Arlette Hart: It's easy to think of attacks being about technology, and they are, but there is a human being on either end of those attack vectors. And there's somebody trying to do something to somebody else at each side of it. And knowing why they're doing it or what they're doing and what their motivations are, there's a big part of that goes to what does that threat really look like. And on the victim end, it's not just the secure at all costs because their motivations are also different. They may want to protect things, but they want to protect things at a level where they're not losing more money in the protection than they are in the value of the product itself. So it's a really hard question. Because learning how to protect things properly, it's easy to say, "Oh no, we want to just be secure." Because a lot of times people don't just want to be secure. They mostly just want that security to have happened to them. So the whole multifaceted realm of this discipline is what's really interesting to me.
Bridget Bell: I find it really interesting that you both describe your interest in cybersecurity by saying it's that intersection of technology and people. Because I think you're right, when you think cyber security you're thinking hackers and attacks and vulnerabilities and not necessarily the social and people side of it. So I really enjoyed that's what brought both of you into these careers. And I also want to go more into your past experiences. So with Meghan, here at Leidos, and Arlette, with your more indirect path and being the CISO at FBI, what would you both consider the biggest threat to cybersecurity today?
Arlette Hart: For me, it is, I'm just going to broad brush one, unevenness and unknowns. When you look at cybersecurity, to me it looks like a fractal. At the top level, it's uneven and jagged. And as you go down into each and every organization, it's uneven and jagged. And the interest in it is uneven and jagged at different places in different organizations. So this is caused by a couple of factors, of course. One, obviously the people. Some people take it seriously and some people don't. And when they do take it seriously, they take it seriously in this area, but then they're like, "Oh, but not that." And so there's an amount of that. And some organizations are very diligent, and organizations that those organizations rely on may or may not be diligent. So that's the whole supply chain question, which you've probably heard of.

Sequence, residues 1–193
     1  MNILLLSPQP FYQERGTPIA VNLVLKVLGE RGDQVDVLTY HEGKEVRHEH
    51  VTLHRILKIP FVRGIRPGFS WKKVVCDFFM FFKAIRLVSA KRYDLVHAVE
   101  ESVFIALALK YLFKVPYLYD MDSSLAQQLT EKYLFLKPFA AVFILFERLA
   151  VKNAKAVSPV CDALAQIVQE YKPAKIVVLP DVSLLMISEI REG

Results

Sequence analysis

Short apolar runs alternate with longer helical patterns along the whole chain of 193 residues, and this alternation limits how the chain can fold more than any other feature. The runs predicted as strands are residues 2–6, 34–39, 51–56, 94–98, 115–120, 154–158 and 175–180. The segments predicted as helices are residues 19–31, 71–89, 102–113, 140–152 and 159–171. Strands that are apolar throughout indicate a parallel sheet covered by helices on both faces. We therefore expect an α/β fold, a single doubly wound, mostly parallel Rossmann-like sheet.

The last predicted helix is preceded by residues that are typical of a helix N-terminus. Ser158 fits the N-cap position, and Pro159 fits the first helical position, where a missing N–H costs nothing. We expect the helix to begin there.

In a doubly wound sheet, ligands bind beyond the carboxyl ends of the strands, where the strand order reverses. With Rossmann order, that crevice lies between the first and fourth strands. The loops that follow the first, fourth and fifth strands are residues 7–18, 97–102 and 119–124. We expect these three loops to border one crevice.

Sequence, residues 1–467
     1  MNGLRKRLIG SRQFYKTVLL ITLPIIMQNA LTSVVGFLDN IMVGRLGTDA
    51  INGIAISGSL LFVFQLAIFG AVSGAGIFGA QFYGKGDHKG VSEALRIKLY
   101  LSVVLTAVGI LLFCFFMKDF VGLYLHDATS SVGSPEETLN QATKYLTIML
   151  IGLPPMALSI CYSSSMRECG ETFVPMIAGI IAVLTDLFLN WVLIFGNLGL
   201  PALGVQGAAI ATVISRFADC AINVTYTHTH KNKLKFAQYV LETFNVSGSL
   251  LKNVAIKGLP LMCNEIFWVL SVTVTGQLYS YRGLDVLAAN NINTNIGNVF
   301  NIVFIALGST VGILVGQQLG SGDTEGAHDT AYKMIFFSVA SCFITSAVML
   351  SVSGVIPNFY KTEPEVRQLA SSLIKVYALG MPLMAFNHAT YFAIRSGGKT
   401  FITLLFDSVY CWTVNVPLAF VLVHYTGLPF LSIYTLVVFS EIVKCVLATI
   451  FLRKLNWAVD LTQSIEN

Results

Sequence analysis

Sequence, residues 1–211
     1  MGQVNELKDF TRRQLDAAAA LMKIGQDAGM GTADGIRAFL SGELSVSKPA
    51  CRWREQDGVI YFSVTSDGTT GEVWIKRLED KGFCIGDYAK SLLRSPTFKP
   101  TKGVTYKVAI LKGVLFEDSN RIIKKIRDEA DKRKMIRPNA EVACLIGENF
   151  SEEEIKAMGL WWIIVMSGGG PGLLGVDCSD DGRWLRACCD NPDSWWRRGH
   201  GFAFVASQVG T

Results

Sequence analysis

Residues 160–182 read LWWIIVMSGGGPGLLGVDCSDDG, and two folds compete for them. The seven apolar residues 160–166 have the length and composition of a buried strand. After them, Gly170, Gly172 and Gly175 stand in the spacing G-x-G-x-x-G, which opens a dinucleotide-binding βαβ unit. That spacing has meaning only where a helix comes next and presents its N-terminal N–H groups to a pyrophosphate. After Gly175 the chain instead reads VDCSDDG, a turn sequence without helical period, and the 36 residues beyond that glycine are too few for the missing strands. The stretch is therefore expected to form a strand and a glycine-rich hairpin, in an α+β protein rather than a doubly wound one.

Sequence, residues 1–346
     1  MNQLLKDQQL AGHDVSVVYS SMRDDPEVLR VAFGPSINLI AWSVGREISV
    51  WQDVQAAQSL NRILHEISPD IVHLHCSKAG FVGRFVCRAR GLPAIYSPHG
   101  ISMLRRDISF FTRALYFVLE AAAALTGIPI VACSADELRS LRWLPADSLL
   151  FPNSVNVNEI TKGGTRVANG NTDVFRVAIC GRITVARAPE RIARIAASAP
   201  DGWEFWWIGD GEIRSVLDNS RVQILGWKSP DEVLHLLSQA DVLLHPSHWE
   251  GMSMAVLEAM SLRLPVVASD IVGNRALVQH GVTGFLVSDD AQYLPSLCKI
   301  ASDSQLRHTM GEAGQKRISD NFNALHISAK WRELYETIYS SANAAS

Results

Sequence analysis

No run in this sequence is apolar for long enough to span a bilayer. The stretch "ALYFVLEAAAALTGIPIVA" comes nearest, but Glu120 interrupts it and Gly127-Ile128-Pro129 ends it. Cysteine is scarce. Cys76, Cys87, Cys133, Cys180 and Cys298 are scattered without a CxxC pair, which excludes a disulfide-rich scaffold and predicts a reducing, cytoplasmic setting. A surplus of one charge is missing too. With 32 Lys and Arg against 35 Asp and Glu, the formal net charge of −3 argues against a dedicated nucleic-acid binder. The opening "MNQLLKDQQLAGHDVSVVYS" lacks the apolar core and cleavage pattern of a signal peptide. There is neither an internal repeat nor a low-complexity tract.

Arlette Hart: There's also the legacy versus new technology question. It's really hard to retire old systems in any organization. It just gets challenging to say, "Yeah, I don't need that anymore," because there's that one last little piece of it that some other critical capability is depending on, no matter how much you want to get rid of that. So then you end up, from a cybersecurity perspective, still protecting a legacy system that is barely able to function at all. And new technology is either delayed because it isn't protected, so then the organization can fall behind, or it's deployed without adequate protection so you have too much risk. Or it's deployed without anyone knowing about it so you have the shadow IT piece of it. So having that balance among those pieces is also hard. And the other piece is the cost of protecting versus the operational needs of the business.